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New owners emerge in Coco Palms Resort development, Kauaʻi residents remain critical

abandoned Coco Palms Resort  kauai
Wikimedia Commons
FILE - The Coco Palms Resort, as seen above in 2008, initially opened in 1953 next to a historic coconut grove and an ancient Hawaiian fishpond. It has been closed since Hurricane Iniki — a Category 4 storm — slammed into Kauaʻi in 1992.

In-flux ownership and lack of capital have hindered building permits over at the Coco Palms Resort on Kauaʻi, which has been in ruins since 1992.

But new ownership at the Wailua property is trying to get ahead.

According to Parker Enloe, a representative for the real-estate developer and subsidiary Reef Capital Partners, there has been headway.

“We've been working with a new buyer that has been involved for about a year and a half now,” Enloe told the Kauaʻi Planning Commission on Tuesday. “They've had the property under contract, and they've actually put up a substantial amount of money to further the permits along.”

Before this, the latest attempt at redevelopment hit a low point last year, culminating in a one-bid foreclosure auction. The property was sold to Stillwater Equity Partners for $22 million. The foreclosure was finalized this spring, according to Enloe.

Enloe reported a new, undisclosed group of Utah-based buyers called RP21 Coco Palms LLC as the latest to try and finish the project.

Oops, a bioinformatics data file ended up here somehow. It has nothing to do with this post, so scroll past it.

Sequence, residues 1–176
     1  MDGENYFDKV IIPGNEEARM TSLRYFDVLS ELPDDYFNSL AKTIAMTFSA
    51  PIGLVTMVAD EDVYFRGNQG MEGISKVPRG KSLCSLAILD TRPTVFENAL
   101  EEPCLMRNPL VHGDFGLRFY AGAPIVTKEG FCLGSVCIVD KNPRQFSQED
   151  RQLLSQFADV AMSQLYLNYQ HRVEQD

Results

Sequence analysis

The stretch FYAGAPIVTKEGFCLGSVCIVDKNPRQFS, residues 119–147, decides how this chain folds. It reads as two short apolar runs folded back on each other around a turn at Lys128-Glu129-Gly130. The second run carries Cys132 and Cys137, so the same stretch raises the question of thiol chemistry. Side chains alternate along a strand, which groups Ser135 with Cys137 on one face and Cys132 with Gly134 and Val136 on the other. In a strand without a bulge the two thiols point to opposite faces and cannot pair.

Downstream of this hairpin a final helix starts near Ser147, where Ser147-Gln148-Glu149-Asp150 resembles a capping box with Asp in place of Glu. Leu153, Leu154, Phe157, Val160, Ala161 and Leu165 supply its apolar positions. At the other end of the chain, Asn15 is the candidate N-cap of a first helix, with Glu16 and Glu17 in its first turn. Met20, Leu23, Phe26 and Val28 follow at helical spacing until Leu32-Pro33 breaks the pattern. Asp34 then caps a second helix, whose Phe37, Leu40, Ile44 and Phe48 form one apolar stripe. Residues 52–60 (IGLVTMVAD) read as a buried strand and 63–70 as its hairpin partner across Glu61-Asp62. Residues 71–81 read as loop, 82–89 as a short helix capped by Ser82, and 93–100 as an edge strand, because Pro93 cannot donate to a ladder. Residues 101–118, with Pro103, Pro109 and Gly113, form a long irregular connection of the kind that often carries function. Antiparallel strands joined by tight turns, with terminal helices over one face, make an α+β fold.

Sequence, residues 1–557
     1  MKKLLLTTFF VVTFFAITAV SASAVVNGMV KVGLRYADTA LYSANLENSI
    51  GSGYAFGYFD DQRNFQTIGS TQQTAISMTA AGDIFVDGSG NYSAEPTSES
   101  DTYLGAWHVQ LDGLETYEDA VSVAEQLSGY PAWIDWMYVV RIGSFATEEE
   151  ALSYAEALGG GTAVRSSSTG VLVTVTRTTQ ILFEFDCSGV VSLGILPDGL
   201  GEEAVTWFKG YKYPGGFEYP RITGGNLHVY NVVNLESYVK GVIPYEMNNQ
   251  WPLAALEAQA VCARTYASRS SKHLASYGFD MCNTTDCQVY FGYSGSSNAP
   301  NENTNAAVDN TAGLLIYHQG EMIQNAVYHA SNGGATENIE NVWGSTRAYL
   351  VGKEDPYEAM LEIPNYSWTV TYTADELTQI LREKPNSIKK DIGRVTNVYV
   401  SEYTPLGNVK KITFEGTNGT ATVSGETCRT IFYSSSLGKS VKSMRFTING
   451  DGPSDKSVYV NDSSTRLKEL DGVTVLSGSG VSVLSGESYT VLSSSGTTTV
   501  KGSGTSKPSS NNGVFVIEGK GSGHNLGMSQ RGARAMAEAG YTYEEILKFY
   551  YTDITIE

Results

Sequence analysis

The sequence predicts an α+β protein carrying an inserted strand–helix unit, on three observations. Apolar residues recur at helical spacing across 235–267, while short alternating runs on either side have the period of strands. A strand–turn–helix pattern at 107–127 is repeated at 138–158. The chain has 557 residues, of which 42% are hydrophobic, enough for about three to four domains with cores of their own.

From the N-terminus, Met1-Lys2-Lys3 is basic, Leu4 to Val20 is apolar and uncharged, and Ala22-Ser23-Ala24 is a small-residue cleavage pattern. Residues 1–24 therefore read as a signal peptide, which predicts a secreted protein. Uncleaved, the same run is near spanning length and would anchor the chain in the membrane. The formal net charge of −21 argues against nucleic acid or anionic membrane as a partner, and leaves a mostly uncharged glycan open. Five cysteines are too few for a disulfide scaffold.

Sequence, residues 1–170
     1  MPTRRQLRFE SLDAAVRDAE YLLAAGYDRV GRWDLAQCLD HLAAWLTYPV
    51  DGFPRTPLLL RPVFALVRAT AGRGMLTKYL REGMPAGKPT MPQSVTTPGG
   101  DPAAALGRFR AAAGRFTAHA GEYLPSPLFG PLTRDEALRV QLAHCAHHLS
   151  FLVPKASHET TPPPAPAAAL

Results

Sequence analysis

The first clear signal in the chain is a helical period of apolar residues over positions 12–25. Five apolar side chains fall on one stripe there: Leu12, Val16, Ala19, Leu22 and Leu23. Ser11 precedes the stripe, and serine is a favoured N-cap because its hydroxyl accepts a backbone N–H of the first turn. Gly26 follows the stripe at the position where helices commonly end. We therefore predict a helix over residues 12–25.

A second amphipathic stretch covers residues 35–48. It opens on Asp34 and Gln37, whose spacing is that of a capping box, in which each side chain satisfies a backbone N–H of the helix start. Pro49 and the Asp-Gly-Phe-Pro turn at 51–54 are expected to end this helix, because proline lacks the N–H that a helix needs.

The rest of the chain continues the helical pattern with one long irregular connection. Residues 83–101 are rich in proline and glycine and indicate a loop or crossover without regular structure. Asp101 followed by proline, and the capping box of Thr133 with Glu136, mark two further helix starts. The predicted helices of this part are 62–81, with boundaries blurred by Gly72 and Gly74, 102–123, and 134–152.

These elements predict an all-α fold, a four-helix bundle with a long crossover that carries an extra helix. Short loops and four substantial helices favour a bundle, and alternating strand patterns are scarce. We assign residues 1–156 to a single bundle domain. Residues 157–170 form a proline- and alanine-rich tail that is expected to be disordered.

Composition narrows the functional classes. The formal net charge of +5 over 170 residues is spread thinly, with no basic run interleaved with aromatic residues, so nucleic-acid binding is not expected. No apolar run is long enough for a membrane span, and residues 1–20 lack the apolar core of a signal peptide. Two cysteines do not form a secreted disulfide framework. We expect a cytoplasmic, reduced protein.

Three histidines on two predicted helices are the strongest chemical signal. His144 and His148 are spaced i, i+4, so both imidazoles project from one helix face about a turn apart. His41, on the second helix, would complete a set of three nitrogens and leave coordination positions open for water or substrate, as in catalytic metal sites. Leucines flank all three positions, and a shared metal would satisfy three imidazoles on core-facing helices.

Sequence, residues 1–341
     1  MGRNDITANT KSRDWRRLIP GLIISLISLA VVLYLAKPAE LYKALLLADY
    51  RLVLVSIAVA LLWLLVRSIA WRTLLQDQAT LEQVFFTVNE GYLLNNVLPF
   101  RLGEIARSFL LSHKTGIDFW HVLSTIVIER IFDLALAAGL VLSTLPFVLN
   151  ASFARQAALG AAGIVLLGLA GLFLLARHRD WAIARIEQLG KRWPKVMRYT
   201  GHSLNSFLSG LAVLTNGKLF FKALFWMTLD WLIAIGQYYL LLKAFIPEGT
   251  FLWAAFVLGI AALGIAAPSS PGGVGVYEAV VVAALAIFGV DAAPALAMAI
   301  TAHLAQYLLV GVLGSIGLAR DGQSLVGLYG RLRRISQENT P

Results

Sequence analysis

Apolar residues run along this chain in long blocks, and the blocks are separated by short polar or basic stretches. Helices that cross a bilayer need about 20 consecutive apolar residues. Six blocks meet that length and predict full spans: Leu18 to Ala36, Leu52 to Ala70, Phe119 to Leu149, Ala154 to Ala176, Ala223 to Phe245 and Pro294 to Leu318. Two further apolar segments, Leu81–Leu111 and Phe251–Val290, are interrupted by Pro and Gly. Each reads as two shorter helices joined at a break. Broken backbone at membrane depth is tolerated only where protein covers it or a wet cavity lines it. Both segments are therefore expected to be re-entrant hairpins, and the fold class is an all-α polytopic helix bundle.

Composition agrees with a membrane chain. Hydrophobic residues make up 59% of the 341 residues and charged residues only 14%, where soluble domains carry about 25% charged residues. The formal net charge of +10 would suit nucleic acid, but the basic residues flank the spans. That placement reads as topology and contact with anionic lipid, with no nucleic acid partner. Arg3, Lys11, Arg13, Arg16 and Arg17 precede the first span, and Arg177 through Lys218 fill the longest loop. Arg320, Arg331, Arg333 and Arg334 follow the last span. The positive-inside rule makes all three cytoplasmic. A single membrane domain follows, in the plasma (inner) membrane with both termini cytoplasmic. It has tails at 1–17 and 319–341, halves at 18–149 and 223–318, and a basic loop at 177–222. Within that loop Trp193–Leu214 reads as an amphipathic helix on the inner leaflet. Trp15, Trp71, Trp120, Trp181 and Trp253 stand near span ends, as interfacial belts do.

Previous developers Coco Palms Hui LLC spent the last five years making little progress on meeting building requirements before finally filing for bankruptcy.

According to a June 30 status report to the County of Kauaʻi Planning Department, there were seven outstanding permits. Enloe said that it’s now just down to one, and it’s weeks away from being finished.

And unlike the past group that got the permits, Enloe said the new group has the capital to finish the project — and has new ideas.

“Our current plans are to demolish. In the new building permits that we're almost finished up with, all of the buildings will be taken down to their foundations,” Enloe said. “No digging will happen.”

Plans for the redeveloped 350-room resort along the already eroding Wailua coastline remain contentious.

More than 200 pages of testimony were received in opposition ahead of Tuesday's planning commission meeting. This week, a hui submitted a petition alleging that the permits have lapsed due to a lack of substantial progress, and asking the commission to make a declaratory judgment on it.

Sitting Kauaʻi County Councilmember Mason Chock said there’s a lot to consider.

“Its location is a challenge and issue,” Chock said during public testimony. “We know the environmental impacts of sea level rise, and so forth, and traffic issues that we're facing are all issues that we should be considering.”

Chock said the petition can reset the tone of the conversation.

“If at the very least, this order provides an avenue for us to come back to the table and have a discussion with our owners about what we would like to see and how we'd like to see it done in order to protect the cultural sites on this property,” Chock said.

In the 19th century, the grounds were home to Kauaʻi’s last queen, Queen Deborah Kapule Kekaihaʻakūlou. Starting in the 1950s, the now-derelict resort also famously hosted stars including Elvis Presley, Frank Sinatra, Rita Hayworth and Bing Crosby.

Sabrina Bodon is a general assignment reporter at Hawaiʻi Public Radio. Contact her at or 808-792-8252.
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